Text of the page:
"These new modernized transmission lines will ensure the continued reliability of New York's power system and help make Governor Cuomo's Clean Energy Highway vision a reality, by linking more new renewable energy sources to the grid," said Gil C. Quiniones, president and CEO of the New York Power Authority. "This project is yet another example of NYPA's commitment to building reliable, clean energy infrastructure in New York State. Millions of New Yorkers rely on the energy transmission system every day, and we, at NYPA, are proud to continue to build, update and operate world-class power assets for the people of New York now and into the future, along with our like-minded clean energy partners."
The $440 million rebuild of the Moses-Adirondack transmission artery includes replacing 78 of the 86-miles on each of two transmission lines that were originally constructed by the federal government in 1942 and acquired by the Power Authority in 1953. The transmission lines run from Massena in St. Lawrence County, home to NYPA's St. Lawrence-FDR hydroelectric plant, to a substation in the Town of Croghan in Lewis County. The transmission lines are still supported in many areas by outmoded wooden poles that will be replaced with new steel monopole structures.
The new structures and conductors will be capable of transmitting up to 345 kV, but will be operated in the near-term at the current level of 230kV. This ability to increase the voltage when the demand requires is a cost-effective way to unlock more renewable power, especially in-state renewable generation and imports of hydro from Canada, to anywhere along the transmission line, as New York continues to advance its clean energy goals. NYPA worked with transmission owners in New York, including Con Ed, NYSEG, the Long Island Power Authority, National Grid and Central Hudson Gas & Electric, to obtain concurrence on the Smart Path design to support long-term expansion of renewable energy development.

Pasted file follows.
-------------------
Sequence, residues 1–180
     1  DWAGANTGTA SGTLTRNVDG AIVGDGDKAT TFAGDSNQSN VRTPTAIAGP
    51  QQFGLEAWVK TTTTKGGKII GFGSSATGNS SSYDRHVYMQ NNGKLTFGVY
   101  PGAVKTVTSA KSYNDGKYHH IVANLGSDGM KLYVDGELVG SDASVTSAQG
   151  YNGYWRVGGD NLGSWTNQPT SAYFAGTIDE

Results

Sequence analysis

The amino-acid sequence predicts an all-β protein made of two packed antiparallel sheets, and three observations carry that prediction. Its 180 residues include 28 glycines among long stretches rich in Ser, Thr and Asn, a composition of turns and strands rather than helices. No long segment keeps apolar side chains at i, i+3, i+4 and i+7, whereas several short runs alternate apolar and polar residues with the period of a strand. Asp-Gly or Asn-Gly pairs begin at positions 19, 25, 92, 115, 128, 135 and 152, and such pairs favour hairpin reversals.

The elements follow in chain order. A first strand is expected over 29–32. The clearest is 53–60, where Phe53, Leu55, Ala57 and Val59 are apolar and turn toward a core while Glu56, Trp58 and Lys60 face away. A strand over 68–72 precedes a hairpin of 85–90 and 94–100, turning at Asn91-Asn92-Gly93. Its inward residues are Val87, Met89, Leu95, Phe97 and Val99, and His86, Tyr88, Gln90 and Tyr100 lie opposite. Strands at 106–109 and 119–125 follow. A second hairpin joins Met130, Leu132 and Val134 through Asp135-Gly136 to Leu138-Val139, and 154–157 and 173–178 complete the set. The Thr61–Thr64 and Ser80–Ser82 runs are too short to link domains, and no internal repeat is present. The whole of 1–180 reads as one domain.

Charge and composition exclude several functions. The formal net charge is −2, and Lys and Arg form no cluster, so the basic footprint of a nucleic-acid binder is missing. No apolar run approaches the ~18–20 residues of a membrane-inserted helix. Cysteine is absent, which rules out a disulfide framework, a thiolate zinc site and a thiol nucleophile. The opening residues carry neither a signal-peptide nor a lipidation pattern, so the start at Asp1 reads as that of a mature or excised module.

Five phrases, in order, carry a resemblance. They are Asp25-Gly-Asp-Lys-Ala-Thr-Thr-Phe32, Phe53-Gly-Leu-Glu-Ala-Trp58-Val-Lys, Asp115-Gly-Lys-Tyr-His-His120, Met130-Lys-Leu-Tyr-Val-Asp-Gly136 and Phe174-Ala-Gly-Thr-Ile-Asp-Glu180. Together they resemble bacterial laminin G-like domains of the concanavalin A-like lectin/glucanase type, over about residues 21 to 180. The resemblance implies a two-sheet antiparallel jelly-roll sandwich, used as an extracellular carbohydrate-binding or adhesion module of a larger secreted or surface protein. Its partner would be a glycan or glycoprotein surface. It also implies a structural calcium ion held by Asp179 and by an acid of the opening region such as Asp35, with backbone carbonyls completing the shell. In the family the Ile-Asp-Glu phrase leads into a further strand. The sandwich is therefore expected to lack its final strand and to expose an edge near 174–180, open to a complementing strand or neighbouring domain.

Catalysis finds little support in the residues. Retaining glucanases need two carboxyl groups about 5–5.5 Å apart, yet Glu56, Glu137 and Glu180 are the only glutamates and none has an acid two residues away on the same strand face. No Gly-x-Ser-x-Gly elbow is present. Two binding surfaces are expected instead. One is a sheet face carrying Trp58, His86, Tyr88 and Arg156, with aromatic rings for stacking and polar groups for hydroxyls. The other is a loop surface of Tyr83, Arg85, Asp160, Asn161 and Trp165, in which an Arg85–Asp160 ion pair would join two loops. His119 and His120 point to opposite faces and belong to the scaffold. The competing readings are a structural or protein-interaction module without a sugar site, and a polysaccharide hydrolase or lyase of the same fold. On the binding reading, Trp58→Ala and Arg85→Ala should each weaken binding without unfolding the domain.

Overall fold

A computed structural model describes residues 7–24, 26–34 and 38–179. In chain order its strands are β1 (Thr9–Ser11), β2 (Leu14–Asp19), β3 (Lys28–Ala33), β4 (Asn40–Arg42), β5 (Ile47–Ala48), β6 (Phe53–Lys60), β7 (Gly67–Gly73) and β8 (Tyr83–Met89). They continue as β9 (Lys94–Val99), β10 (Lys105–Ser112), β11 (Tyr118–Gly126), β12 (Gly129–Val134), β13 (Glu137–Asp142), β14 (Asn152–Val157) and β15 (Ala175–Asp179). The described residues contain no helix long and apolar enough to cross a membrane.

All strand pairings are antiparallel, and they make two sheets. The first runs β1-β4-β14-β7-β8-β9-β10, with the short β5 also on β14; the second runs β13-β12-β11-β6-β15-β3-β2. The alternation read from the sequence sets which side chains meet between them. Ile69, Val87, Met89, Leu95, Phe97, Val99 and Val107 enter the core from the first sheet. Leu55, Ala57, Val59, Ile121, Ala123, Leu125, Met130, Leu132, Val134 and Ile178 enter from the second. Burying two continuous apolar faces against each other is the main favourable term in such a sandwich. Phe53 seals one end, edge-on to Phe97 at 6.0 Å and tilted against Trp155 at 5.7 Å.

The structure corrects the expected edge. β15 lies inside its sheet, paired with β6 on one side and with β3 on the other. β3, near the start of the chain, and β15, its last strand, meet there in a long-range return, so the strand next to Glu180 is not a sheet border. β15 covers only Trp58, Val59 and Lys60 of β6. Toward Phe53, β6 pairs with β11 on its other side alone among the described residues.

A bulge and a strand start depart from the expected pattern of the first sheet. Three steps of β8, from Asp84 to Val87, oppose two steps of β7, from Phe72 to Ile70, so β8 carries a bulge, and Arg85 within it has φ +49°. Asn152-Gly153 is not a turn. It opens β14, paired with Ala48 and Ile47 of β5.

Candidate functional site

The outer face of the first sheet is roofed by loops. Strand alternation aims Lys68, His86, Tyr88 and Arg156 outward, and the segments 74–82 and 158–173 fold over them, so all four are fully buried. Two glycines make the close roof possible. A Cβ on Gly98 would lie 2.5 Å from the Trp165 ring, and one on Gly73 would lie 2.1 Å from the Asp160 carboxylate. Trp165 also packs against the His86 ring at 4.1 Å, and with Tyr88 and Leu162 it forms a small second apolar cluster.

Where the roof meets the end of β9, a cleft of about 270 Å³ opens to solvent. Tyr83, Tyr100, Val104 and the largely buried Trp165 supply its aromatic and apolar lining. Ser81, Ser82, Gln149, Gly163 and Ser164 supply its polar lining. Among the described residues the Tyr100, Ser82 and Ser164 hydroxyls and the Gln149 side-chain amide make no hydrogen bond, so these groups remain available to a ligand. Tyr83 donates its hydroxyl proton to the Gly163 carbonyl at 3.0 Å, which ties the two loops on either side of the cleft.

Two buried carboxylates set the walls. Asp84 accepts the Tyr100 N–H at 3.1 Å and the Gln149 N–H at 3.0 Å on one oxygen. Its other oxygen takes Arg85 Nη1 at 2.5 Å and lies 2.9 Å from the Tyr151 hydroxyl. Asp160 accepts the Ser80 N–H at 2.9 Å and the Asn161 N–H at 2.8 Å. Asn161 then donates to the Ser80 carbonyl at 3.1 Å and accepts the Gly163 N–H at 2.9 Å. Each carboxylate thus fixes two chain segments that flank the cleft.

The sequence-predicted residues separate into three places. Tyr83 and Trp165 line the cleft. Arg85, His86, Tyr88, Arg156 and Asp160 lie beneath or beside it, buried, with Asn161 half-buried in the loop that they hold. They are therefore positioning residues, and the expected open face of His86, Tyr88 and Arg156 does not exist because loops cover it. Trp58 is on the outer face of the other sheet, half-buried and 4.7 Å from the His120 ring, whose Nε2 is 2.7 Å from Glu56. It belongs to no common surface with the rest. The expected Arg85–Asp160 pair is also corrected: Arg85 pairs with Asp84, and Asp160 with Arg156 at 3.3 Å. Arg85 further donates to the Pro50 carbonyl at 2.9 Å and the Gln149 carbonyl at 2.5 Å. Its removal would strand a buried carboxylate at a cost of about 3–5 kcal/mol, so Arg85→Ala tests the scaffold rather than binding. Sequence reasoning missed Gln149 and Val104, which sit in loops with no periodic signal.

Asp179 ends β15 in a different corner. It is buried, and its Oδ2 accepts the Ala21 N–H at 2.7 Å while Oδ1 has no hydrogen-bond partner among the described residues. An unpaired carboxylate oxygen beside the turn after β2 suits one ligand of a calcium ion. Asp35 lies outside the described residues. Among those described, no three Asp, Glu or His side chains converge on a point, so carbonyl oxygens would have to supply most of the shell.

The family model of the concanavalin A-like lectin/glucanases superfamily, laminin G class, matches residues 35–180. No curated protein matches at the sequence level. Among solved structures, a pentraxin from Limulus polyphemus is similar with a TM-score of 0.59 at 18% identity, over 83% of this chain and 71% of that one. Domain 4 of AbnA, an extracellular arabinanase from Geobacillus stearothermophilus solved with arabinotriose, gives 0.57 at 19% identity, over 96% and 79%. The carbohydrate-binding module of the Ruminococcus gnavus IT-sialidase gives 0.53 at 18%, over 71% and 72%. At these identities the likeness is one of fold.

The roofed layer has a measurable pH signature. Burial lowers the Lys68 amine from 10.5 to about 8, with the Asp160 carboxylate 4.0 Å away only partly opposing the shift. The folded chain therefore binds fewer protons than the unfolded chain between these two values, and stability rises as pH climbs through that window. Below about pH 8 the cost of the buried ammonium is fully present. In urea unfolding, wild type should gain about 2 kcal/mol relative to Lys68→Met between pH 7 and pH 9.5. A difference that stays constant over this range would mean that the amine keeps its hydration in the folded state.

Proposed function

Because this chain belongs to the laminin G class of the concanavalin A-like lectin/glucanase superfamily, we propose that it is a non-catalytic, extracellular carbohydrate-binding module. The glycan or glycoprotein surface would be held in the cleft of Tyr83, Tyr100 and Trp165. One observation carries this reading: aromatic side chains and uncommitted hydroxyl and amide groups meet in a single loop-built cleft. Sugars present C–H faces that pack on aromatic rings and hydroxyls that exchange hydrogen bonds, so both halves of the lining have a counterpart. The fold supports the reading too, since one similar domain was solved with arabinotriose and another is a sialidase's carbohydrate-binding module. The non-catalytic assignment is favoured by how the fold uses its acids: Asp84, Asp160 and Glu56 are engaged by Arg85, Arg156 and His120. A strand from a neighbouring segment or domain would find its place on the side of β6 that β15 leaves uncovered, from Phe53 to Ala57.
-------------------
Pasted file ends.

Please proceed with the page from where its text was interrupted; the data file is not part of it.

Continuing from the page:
"A robust transmission network is essential for New York's efforts to scale up and deploy renewable energy," said Rory Christian, Director, New York Clean Energy at Environmental Defense Fund. "This will increase opportunities to develop clean energy sources throughout the state, and connect the downstate region to existing affordable electricity generated in upstate New York."
"Transmission projects will play a critical role in ensuring that New York's abundant wind and solar resources can deliver electricity to customers throughout the state," said Jackson Morris, Director of Eastern Energy at Natural Resources Defense Council. "Connecting New Yorkers to electricity generated from pollution-free resources means cleaner air and healthier communities for all of us. This new project will be critical to helping to reduce our reliance on dirty fossil-fueled power plants, playing a key role in achieving Governor Cuomo's nation leading effort to deliver 50 percent of New York's electricity from renewables by 2030."